In 2016, renowned value investor Monish Pabrai developed a simple concept called “Uber Cannibals.” He suggested that buying a five-stock portfolio of companies that were buying back large amounts of their own stock, that were cheap based on undefined valuation multiples, and that fit his definition of quality, would outperform the market.
I have discussed many times the fact that I love buybacks almost as much as I love dividends, so the buyback argument that rages about whether they are good or bad has always amused me. It’s easy:
- Buybacks at reasonable valuations, with cash flow generated by the business, are good.
- Buybacks at excessively high valuations, or with borrowed money, are usually bad.
- Buying back shares of an outstanding business is a fantastic strategy.
- Buying back shares of a bad business is probably not a great idea.I used the idea of owning a small, concentrated portfolio of cannibal stocks (companies that buy back their own shares) and added my own features. And the results were outstanding…
I used the idea of owning a small, concentrated portfolio of cannibal stocks (companies that buy back their own shares) and added my own features. And the results were outstanding…
I limit the universe to companies earning high returns on capital, with excellent fundamentals and little chance with little chance of facing significant financial risk in the next few years.
I measure fundamental quality using the Piotroski F-Score. Since Joseph Piotroski developed the nine-point model—which measures profitability, liquidity, and efficiency—in 2002, I have found it to be an excellent tool for finding outstanding companies.
To identify companies with no chance of significant financial risk, I have always used the Altman Z-score. The formula has been adjusted a few times, but I have always found it to be one of the best ways to find companies with fortress-quality financials.
I then back-tested five- and 10-stock portfolios against the broader market. A quick and dirty test shows that this portfolio beat the market handily since January 2016. I selected the top five and then the top 10 companies with the highest Z-scores.
The five-stock portfolio had a total return of 148.44%, compared to just 94.72% to the S&P 500.
The 10-stock portfolio also outperformed the index with a total return of 135.38%.
That’s a pretty solid excess return over the S&P 500 during a period with returns above the historical averages.
When I run the screens today, I find that energy is the dominant theme. I am not surprised: thanks to decades of poorly thought-out energy policies, we have a fundamental supply-demand imbalance in fossil fuels.
We all want to get to 100% renewable energy and widespread electric vehicle usage. It would be foolish not to want that outcome. However, it is going to be a lot more complicated and a lot more expensive, and take a lot longer to achieve, than politicians and activists would have you believe.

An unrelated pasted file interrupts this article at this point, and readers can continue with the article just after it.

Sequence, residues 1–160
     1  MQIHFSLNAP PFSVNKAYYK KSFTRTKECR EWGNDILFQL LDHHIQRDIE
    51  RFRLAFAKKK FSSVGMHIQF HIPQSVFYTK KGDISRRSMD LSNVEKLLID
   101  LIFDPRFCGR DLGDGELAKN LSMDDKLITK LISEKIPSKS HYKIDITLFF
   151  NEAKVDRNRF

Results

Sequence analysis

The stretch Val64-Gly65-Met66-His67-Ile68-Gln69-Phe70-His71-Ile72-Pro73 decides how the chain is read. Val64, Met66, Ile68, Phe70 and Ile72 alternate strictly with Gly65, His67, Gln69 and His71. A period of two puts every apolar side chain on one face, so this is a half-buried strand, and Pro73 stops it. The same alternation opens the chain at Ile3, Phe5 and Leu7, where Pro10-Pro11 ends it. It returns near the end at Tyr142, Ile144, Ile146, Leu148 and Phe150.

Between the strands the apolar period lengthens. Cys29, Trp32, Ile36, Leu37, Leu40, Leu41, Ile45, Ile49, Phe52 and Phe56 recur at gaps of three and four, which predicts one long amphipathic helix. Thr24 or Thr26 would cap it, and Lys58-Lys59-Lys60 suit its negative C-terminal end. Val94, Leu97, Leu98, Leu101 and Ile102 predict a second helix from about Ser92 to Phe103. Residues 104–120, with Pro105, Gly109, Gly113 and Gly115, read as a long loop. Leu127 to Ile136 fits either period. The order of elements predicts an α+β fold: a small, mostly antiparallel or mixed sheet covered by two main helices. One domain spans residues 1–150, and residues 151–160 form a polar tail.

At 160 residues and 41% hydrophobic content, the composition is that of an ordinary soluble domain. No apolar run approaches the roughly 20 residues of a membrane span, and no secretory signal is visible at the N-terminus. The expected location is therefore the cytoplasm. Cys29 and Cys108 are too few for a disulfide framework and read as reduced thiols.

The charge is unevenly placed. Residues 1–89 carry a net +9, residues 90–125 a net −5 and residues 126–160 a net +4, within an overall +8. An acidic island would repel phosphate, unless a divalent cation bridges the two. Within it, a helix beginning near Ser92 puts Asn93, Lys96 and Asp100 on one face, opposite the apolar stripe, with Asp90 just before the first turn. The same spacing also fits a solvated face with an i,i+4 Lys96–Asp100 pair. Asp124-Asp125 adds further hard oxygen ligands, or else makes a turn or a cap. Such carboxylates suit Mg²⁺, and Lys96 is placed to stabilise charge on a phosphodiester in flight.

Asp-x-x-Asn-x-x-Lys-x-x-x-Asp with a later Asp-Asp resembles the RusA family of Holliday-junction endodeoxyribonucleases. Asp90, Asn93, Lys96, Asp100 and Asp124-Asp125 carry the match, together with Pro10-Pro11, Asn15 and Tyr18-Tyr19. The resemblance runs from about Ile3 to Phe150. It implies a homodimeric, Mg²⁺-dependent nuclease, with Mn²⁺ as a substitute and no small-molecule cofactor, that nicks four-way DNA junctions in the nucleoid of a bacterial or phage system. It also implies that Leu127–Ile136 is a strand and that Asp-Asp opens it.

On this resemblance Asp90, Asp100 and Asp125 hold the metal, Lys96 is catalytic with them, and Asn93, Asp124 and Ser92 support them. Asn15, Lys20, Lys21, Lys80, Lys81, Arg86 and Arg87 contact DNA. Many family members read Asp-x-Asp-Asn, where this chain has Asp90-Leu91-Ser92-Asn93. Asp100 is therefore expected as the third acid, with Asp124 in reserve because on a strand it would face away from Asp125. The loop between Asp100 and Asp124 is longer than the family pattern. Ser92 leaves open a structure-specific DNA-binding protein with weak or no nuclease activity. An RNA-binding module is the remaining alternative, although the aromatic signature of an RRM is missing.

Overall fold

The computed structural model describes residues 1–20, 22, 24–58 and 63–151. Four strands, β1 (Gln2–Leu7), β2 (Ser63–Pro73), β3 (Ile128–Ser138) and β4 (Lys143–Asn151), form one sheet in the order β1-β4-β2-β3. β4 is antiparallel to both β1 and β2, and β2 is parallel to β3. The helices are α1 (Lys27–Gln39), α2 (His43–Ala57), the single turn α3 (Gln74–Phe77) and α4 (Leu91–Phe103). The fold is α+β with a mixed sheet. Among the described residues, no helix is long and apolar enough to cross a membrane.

Quite correctly, energy companies have decided not to accelerate production as prices have risen. This has pushed their returns on capital higher and generated enormous stacks of cash. They are using that cash to pay dividends to shareholders and buy back enormous amounts of stock.
The energy companies in the top five include Unit Corporation (UNTC)—an Oklahoma-based company that engages in the exploration and production of oil and natural gas and also owns energy infrastructure, including pipelines—and Devon Energy (DVN), another oil and gas exploration and production company.
CI Industries (CF), the third company in the top five, manufactures and sells hydrogen and nitrogen products for energy, fertilizer, emissions reduction, and other industrial activities. There is a growing fertilizer shortage around the world, which has helped CF Industries grow its earnings and improve its financial condition dramatically.
Huntsman Corporation (HUN) is in the chemicals business. It would probably be easier to determine which industries do not buy chemicals from Huntsman, as it makes a wide range of products with an incredibly diverse list of potential uses.
Rounding out the top five is Matson (MATX), a marine shipping company that serves Hawaii, Alaska, Guam, and other island economies in Micronesia. Other routes cover China to Long Beach, California, various islands in the South Pacific, as well as Okinawa, Japan.
Although we did not use any valuation parameters in our high-quality cannibal screen, all five companies trade with single-digit price-to-earnings ratios. And four of the five pay cash dividends in addition to buying back shares.
The highest-yielding stock is Devon Energy, with a yield of 6.82%.
When we expand to the ten-stock portfolio, we add more energy, as well as a packaging company, a staffing company, a building products company, and a home builder.
The building-related companies should see strong tailwinds due to the acute housing shortage in the United States.
Here are the top ten high-quality uber cannibal companies that showed up in my screen on September 8, 2022:
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